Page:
Ethnic nationalism, evolutionary psychology and Genetic Similarity Theory

J. PHILIPPE RUSHTON


(---) Nonetheless, in The Descent, Darwin (1871) intuited the solution when he wrote, ‘sympathy is directed solely towards members of the same community, and therefore towards known, and more or less loved members, but not all the individuals of the same species’.

(---) In 1971, Hamilton extended his formulation and hypothesised that altruism would result from any degree of genetic relatedness, not just that based on immediate kin.

(---) For humans, both spouses and best friends are most similar on socio-demographic variables such as age, ethnicity and educational level (r = 0.60), next most on opinions and attitudes (r = 0.50), then on cognitive ability (r = 0.40), and least, but still significantly, on personality (r = 0.20) and physical traits (r = 0.20).

Even marrying across ethnic lines ‘proves the rule’. In Hawaii, men and women who married cross-ethnically were more similar in personality than those marrying within their group, suggesting that couples ‘make up’ for ethnic dissimilarity by choosing spouses more similar to themselves in other respects. Evolution has also set an upper limit on ‘like marrying like’ – incest avoidance. Too close genetic similarity between mates increases the probability of ‘double doses’ of harmful recessive genes. The ideal mate is one who is genetically similar but not a close relative.

(---) The history of the Jewish people provides a well-documented example of how genetic similarity theory intersects with Anthony D. Smith’s ethno-symbolic approach. As shown by Batsheva Bonne-Tamir at Tel Aviv University, Jewish groups are genetically similar to each other even though they have been scattered around the world for two millennia. Jews from Iraq and Libya share more genes with Jews from Germany, Poland and Russia than either group shares with the non-Jewish populations among whom they have lived for centuries.

(---) The political pull of ethnic identity and genetic similarity also explains voting behaviour. The re-election victory of George W. Bush in the 2004 US presidential election was largely attributed to White votes and to the higher value placed by these voters on ‘values’ than on the economy. A closer look at the demographics reveals that ‘values’ may be, at least in part, a proxy for ethnic identity and genetic similarity. The majority of White Americans voted based on which candidate – and candidate’s family – they believed most appeared to look, speak and act like them.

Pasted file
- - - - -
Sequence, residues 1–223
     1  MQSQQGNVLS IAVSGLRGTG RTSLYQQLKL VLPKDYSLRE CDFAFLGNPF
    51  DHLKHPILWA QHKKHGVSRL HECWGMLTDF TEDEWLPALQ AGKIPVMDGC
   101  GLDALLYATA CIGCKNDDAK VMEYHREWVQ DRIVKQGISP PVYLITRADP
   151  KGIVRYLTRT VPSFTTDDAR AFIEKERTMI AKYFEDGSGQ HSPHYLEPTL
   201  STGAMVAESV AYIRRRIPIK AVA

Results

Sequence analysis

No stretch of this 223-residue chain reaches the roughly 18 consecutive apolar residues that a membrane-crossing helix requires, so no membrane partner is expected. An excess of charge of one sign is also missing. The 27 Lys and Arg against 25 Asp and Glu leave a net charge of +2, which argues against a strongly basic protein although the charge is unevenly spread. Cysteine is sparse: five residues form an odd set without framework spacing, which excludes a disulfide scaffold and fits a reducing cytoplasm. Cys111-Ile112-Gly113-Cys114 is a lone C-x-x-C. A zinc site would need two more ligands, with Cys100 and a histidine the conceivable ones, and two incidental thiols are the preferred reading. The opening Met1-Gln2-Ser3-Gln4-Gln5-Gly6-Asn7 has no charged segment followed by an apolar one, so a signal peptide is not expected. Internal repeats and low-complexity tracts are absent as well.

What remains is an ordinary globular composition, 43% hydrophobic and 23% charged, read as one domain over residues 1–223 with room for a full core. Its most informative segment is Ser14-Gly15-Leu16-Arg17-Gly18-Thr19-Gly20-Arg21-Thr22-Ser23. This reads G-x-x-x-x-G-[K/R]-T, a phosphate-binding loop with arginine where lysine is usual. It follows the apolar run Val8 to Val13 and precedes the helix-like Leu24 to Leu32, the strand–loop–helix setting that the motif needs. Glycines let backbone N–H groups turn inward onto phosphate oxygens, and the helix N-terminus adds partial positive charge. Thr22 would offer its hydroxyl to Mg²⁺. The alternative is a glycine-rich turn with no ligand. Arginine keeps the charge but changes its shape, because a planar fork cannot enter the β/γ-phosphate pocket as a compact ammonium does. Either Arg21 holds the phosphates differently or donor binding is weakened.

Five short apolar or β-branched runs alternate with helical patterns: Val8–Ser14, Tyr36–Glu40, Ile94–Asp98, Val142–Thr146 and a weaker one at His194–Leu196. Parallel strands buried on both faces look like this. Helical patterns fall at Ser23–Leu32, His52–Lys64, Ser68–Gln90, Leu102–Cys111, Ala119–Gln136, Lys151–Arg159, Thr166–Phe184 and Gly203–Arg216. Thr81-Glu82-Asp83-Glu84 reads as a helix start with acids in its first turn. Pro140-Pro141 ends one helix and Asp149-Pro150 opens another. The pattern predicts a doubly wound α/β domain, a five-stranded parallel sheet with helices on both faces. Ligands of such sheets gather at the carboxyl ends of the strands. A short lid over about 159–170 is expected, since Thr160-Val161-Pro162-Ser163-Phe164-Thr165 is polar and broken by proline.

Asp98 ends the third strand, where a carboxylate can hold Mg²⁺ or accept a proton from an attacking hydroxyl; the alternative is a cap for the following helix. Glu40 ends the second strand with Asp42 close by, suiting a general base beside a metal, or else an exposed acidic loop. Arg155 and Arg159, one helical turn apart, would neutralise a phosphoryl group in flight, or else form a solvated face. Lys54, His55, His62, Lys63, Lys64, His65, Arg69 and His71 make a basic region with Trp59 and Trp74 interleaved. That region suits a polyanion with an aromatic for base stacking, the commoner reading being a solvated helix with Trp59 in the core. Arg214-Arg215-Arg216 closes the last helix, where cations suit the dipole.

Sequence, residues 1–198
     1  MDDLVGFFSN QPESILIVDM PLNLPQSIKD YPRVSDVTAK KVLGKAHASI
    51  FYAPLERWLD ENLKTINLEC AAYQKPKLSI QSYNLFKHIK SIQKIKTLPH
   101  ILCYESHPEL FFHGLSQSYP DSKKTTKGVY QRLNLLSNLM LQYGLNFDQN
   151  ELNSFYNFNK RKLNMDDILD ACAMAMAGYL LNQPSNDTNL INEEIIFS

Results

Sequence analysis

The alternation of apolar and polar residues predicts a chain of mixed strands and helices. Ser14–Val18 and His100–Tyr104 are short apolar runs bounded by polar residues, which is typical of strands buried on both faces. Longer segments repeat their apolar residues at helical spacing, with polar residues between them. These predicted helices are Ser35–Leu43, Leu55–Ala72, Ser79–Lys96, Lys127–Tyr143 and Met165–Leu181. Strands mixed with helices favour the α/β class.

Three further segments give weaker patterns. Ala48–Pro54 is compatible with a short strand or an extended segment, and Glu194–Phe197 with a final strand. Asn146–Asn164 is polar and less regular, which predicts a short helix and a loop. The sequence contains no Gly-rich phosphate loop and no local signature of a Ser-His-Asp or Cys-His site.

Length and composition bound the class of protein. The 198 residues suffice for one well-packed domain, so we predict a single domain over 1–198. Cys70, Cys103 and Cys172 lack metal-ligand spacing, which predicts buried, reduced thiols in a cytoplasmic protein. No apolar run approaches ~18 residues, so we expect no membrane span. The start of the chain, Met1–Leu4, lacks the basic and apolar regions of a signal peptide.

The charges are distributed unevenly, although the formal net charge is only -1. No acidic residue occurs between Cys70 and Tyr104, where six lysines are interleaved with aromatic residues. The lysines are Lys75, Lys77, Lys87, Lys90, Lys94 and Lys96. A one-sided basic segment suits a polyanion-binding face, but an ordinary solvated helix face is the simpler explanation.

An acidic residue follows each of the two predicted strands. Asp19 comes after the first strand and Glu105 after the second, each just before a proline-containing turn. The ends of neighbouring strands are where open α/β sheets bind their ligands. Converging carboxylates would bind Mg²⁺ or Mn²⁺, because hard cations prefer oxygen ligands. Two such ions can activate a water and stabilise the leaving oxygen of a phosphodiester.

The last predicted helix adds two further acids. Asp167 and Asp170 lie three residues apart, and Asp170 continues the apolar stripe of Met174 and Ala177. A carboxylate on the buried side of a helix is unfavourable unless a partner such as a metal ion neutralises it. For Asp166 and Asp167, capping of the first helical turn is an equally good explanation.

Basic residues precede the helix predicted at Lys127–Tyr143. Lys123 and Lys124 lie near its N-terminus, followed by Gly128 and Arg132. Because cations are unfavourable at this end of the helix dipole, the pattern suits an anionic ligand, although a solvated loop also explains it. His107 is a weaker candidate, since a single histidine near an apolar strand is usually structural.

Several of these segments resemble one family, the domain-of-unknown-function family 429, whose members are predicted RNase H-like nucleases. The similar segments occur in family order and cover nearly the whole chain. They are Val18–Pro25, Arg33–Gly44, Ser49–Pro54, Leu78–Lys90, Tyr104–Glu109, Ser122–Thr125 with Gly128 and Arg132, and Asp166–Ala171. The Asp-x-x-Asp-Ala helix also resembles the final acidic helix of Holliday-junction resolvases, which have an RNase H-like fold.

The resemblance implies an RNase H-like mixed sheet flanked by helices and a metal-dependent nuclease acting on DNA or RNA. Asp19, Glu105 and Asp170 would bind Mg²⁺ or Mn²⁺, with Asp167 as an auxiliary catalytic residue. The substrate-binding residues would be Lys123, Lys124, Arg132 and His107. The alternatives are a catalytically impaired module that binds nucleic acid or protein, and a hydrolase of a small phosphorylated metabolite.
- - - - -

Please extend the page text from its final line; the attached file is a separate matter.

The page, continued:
(---) The hypothesis presented here is that because fellow ethnics carry copies of the same genes, ethnic consciousness is rooted in the biology of altruism and mutual reciprocity. (...) Moreover, shared genes can govern the degree to which an ideology is adopted. Some genes will replicate better in some cultures than in others. Religious, political and class conflicts become heated because they affect genetic fitness.

(---) It is because genetic interests are a powerful force in human affairs that ethnic insults so easily lead to violence. Although social scientists and historians have been quick to condemn the extent to which political leaders or would-be leaders have been able to manipulate ethnic identity, the questions they never ask, let alone attempt to answer are, ‘Why is it always so easy?’ and ‘Why can a relatively uneducated political outsider set off a riot simply by uttering a few well-delivered ethnic epithets?’

(---) Although the modern idea of citizenship has replaced the bond of ethnicity (‘people who look and talk like us’) with that of values (‘people who think and behave like us’), the politics of ethnic identity are increasingly replacing the politics of class as the major threat to the stability of nations. Patriotic feeling is much more than a delusion constructed by elites for their own purpose. The ethno-symbolic approach anchors the psychology of social identity in national identities and in previously existing ethnicities and their ‘sacred’ traditions and customs. Ethnic communities have been present in every period and have played an important role in all societies on every continent. The sense of common ethnicity remains a major focus of identification for individuals today. Genetic Similarity Theory helps to explain why.